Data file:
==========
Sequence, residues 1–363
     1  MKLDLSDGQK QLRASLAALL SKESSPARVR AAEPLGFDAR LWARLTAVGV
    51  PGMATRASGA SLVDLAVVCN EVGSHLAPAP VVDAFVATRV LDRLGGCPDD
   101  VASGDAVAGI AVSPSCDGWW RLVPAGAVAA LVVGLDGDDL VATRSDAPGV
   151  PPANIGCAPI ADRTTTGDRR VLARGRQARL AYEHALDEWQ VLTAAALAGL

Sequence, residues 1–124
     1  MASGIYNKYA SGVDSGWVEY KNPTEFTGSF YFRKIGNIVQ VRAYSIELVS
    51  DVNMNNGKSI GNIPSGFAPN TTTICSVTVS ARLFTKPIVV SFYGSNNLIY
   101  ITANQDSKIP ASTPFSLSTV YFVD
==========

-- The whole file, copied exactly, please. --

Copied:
Sequence, residues 1–363
     1  MKLDLSDGQK QLRASLAALL SKESSPARVR AAEPLGFDAR LWARLTAVGV
    51  PGMATRASGA SLVDLAVVCN EVGSHLAPAP VVDAFVATRV LDRLGGCPDD
   101  VASGDAVAGI AVSPSCDGWW RLVPAGAVAA LVVGLDGDDL VATRSDAPGV
   151  PPANIGCAPI ADRTTTGDRR VLARGRQARL AYEHALDEWQ VLTAAALAGL

Sequence, residues 1–124
     1  MASGIYNKYA SGVDSGWVEY KNPTEFTGSF YFRKIGNIVQ VRAYSIELVS
    51  DVNMNNGKSI GNIPSGFAPN TTTICSVTVS ARLFTKPIVV SFYGSNNLIY
   101  ITANQDSKIP ASTPFSLSTV YFVD